Dunelm this week said that its focus on customer experience, both in store and online helped it to grow sales and profits over its latest financial year.
The homewares retailer, a Top50 trader in IRUK Top500 research, reported revenue of £1.1bn in the year to June 29, up by 4.8% on the previous year. Pre-tax profits of £125.9m were 35.2% ahead of last time. Online sales grew by 35.1% while store sales were up by 7.7%. In the fourth quarter of the year alone, store sales were up by 12.1% while online was 37% ahead.
Focus on customer experience
Over the past year Dunelm says it has focused sharply on its core Dunelm business, closing the Kiddicare and Worldstores websites – which it bought in 2016 for its commerce platform – and transferring product lines to its Dunelm.com website, while also investing in digital marketing to attract Worldstore shoppers there too. The focused approach, said Dunelm chief executive Nick Wilkinson in his review, “enabled us to invest all of our energy back into the Dunelm brand, concentrating on one supply chain and one website. In so doing, we significantly tightened our operational and commercial grip on the business.”
Dunelm multichannel sales include revenues from online home delivery, in-store reserve and collect revenue and from sales made in-store via tablets, and accounted for 17.4% of total sales during the year. That’s up from 13.5% a year earlier.
During the last year, Dunelm promoted its online services in-store by increasing its “customer hosts” to 1,200, training them to help shoppers buy from its extended range – 55,000 lines compared to the 30,000 stocked in store – via in-store tablets.
The retailer is to launch a new digital commercial platform during its current financial year that it says will enable it to “catch up” on convenience, not only offering click and collect but also adding more complex services such as paying for items stocked in store online ahead of collection, or buying a basket of items online with a range of different fulfilment options. Future development will focus on customer-focused improvements that drive conversion, frequency and basket size. “We view digital development as driving store sales as much as our online sales and will continue to invest in developing our offer across all channels,” said Wilkinson.
New approaches to selling
Dunelm also pointed to how it invested in the in-store customer experience through its product buying strategy, offering “more style and better value” as well as more furniture and more seasonal ranges to customers. Special buys were offered more frequently both in-store and online, but clearance was managed to result in having less discounted products in stock, leading to higher levels of full-price revenue.
It says it is no part of a portfolio of retailers frequented by shoppers who are now using technology and are influenced by social media in their buying habits.
“As we progress with our customer first strategy in a fast-moving digital world, there are new skilswe are acquiring and need to develop further,” said Wilkinson. “in particular we will build on the transformations made in our technology and product teams in FY19 and are developing deeper capabilities in data and insight to provide benefits across the business.”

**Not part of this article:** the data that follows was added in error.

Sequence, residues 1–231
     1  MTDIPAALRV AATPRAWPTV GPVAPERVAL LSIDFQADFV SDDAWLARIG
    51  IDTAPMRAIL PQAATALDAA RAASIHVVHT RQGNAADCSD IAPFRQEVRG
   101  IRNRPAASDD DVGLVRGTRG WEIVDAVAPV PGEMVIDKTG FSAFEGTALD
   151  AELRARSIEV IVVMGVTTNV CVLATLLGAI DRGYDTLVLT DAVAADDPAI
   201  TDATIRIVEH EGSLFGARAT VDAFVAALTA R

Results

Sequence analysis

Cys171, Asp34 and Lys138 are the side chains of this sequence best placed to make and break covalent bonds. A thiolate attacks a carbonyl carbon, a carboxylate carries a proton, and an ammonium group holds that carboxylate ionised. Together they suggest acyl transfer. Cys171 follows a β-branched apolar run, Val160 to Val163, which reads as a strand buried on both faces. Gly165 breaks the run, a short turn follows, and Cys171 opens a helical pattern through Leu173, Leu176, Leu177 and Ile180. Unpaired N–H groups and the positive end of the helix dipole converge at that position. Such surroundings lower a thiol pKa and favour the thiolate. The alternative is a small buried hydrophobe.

He added: “Recent trading performance has continued to be strong, reflecting both weak comparatives in the prior year and continued market share growth. However, we remain cautious about the full year outlook due to increased Brexit uncertainty and specifically the impact it may have on consumer spending as we enter our peak period.
“Looking to the future, I am excited about the opportunity to grow our business as we enhance and extend our specialist and multichannel offer, build on our market leading position and fulfil our purpose of helping everyone create a home they love.”
Commenting on the figures, Hannah Thomson, senior retail analyst at data and analytics business GlobalData, said: “Dunelm’s stellar performance is partly attributable to soft comparatives reflecting tough market conditions at the start of 2018 but there is no doubt that it is now a much leaner business. Freeing itself from the distraction for the Worldstores businesses enabled it to improve its sourcing and keep a tighter control of markdown costs, which helped lift profit before tax to £125.9m.
“These results are sure to make its rivals envious; John Lewis has managed just eight weeks of sales growth in its home vision since the start of 2019 while the struggles of fellow department stores Debenhams and House of Fraser over the past year have been well-documented. With a store portfolio mainly located on retail parks, Dunelm has been better protected from the impacts of falling footfall to town centres, and its almost-unique proposition as a homewares specialist means shoppers are likely to find what they’re looking for among its extensive range.”
Thomson said Dunelm would also continue to put its name in front of an audience of about 2m through its sponsorship of ITV’s This Morning, which runs until next March, adding, “it also has room to improve its digital capabilities having taken a cautious approach to launching its replatformed website, which will eventually allow it to offer click and collect.”
Dunelm is marking its 40th anniversary this year. It was founded in 1979 as a market stall business and today trades through 172 stores and online.
Image courtesy of Dunelm